Meet Canton’s new preschool

The high growth rate of the Plymouth Canton Community Schools has brought one of the top pre-school franchises to the Canton Community.

The Goddard School, a pre-school offering classes for children six weeks to six years old, opened a new independent franchise location in Canton this October. The school offers year-round half or full day education and daycare for children in the area.

Owner Carl Pittner said that he opened the new location after seeing the growth in the Canton community, and their school district.

“The demographics of Canton said it would make a good location for a school,” Pittner said. “We just opened our school in October, so we’re not at full enrollment yet. It’s always to get from zero to as full as possible.”

The Goddard School system expanding to the Plymouth-Canton community represents the high growth of the district. The Plymouth-Canton Community Schools grew by 219 students in 2007, showing an increase of 1,446 since 2004. The district passed Livonia to become the fourth largest school district in the state, behind only Detroit, Utica, and Grand Rapids.

Jennifer Plachetzki, the director for the Canton location, said that Goddard is the place to be for Plymouth and Canton children “based on the curriculum and the philosphoical beliefs for educating young children.”

The Goddard System has specialized curriculum for every age. The programs are designed to help children learn how to associate with other kids and get an introduction to different school subjects. Classes are divided into Infant I, Infant II, First Steps, Toddler, Get Set, Preschool and Pre-Kindergarten, with many different areas of focus within each. For example, the Get Set class, which is for older toddlers, teaches children how to complete 5 to 10-piece puzzles, develop multi-tasking skills, improve speech and finger movement, and help with sharing and taking turns. In the pre-kindergarten class, children learn how to recall sequence and details of a story, grow a vocabulary of 4000 words, express ideas through art and materials, and identify different types of music.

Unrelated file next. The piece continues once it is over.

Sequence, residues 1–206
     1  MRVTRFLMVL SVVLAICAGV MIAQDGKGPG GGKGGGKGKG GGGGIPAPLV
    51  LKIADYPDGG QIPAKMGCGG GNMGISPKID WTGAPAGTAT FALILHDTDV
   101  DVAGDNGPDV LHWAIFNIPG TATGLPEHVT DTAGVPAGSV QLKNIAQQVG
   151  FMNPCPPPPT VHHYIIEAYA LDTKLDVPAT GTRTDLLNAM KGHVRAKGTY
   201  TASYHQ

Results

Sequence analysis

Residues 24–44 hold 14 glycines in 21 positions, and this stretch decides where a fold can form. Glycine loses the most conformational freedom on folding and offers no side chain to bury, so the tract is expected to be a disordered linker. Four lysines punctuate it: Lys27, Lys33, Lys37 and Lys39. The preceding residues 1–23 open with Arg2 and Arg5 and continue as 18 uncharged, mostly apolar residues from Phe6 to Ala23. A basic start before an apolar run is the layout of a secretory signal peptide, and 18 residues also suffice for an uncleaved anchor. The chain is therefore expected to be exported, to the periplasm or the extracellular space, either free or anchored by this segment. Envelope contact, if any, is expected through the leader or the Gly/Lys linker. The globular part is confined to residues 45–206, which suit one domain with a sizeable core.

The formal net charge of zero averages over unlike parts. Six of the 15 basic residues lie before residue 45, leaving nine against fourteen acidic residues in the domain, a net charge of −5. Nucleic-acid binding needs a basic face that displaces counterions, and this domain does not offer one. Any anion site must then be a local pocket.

Sarah Maher, an assistant teacher, came to Goddard on March 3 from the Southfield YMCA, and she said the biggest difference between the public childcare and Goddard is the level of security for the children.

“They don’t let anybody in, versus at the YMCA, where it was more than just a childcare center, so it was open to other people,” Maher said. “Here, even if you see some random person taking a picture in a parking lot, they are on video camera and they have a security system in the door where the parents have to push in a code to get into the door, or the directors let them in.”

Parents can be assured that there are plenty of teachers at the school, and that they all are educated in areas of childcare, according to Maher. All teachers at Goddard have college degrees in child development or teaching certificates. State laws require certain ratios of students to teachers; from six weeks to two years, the ratio is 1 to 4; from two years to 2 ½ years, the ratio is 1 to 8; from three years to four years, the ratio is 1 to 10; and for pre-kindergarten it is 1 to 12. However, if the children are not potty-trained above the three to four year age group, these ratios change.

Every child at Goddard is given a portfolio when they enroll, which the teachers add to and record development throughout their years.

“The portfolios are something that starts shortly after the child begins, and depending on their age,” Maher said. “They have curricular goals that they should be learning and advancing in, and we just collect their work and then make records of it and take pictures of examples. They carry the portfolio with them until they leave, and then they can take it with them. It’s just to show their work, and it’s also a requirement of the Goddard School system.”

Maher said that the portfolios are added to almost every week, so that management and parents can keep up to date with the child’s progress. It is also a good tool for communication at parent-teacher conferences.

Next year, the Canton Goddard location plans to open a private kindergarten within the facility. Pittner said that according to state laws, they aren’t allowed to open a kindergarten until their second year.


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